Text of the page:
Race, sport and social mobility: Horatio Alger in short pants?
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This article addresses sport as a vehicle of social mobility for athletes of all racial backgrounds. Utilizing two waves of the National Longitudinal Study of Adolescent Health, we test two sociological models. The zero-sum model argues that any time spent on sports takes away from time that could be spent on academics, hindering performance in school and ultimately mobility. The developmental model suggests that participation in sport contributes in a variety of ways to the performance of student-athletes in school and in the labor market. We operationalize social mobility by years of education and educational attainment. We find limited support for the developmental model. The results indicate white men and African American men who participate at low and high-levels benefit. Sport participation has no statistically significant influence upon years of education and educational attainment for Hispanic men. We use a Heckman selection model and find that self-selection occurs among (American) football players. We conclude by suggesting future research. © The Author(s) 2011.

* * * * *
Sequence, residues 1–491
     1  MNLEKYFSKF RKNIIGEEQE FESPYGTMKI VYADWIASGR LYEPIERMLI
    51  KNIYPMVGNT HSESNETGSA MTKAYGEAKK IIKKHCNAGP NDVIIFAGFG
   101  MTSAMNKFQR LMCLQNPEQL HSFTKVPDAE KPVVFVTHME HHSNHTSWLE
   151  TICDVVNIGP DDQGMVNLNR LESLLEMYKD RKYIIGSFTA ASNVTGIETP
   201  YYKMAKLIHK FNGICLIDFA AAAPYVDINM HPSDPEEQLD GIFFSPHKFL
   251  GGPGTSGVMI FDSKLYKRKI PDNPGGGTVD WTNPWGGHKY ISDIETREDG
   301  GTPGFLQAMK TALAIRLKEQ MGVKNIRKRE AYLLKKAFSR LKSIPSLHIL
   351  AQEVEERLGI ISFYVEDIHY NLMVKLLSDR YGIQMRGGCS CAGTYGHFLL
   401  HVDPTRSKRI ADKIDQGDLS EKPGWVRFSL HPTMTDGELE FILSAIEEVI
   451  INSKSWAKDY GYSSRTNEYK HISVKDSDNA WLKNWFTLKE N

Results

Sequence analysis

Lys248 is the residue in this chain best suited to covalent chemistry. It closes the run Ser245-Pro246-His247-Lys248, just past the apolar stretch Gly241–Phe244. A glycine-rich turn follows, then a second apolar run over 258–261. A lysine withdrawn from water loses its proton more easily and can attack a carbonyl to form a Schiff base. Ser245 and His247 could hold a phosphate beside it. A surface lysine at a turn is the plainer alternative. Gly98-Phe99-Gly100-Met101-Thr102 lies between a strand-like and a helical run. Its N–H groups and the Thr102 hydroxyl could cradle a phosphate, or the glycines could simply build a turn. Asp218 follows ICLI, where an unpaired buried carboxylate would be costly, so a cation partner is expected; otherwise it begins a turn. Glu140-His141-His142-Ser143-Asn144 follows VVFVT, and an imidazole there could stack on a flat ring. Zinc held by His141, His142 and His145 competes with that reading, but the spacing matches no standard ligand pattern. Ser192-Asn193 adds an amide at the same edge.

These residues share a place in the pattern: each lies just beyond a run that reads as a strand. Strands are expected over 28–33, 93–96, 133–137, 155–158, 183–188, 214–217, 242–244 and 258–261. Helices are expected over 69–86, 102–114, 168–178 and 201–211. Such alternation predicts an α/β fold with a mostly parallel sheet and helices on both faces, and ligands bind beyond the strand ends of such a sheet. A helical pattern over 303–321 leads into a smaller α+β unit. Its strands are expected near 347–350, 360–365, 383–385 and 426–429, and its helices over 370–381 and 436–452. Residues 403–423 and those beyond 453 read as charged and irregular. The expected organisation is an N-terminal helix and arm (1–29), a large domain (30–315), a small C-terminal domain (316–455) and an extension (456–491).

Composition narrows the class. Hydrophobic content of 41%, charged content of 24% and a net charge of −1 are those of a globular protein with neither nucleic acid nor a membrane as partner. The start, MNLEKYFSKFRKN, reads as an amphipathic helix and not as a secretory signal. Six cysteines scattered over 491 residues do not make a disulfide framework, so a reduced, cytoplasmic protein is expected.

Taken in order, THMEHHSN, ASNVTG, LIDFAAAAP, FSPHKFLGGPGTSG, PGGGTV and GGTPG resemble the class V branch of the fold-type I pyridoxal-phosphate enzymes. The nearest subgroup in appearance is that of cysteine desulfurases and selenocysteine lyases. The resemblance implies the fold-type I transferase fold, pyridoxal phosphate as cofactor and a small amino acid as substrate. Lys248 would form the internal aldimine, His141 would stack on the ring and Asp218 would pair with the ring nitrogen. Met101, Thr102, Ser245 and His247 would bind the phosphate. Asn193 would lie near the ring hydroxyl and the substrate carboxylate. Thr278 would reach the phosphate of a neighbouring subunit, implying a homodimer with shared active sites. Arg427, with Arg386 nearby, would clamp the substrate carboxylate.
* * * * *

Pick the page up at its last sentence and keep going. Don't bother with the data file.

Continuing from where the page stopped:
author list (cited authors)
Mackin, R. S., & Walther, C. S.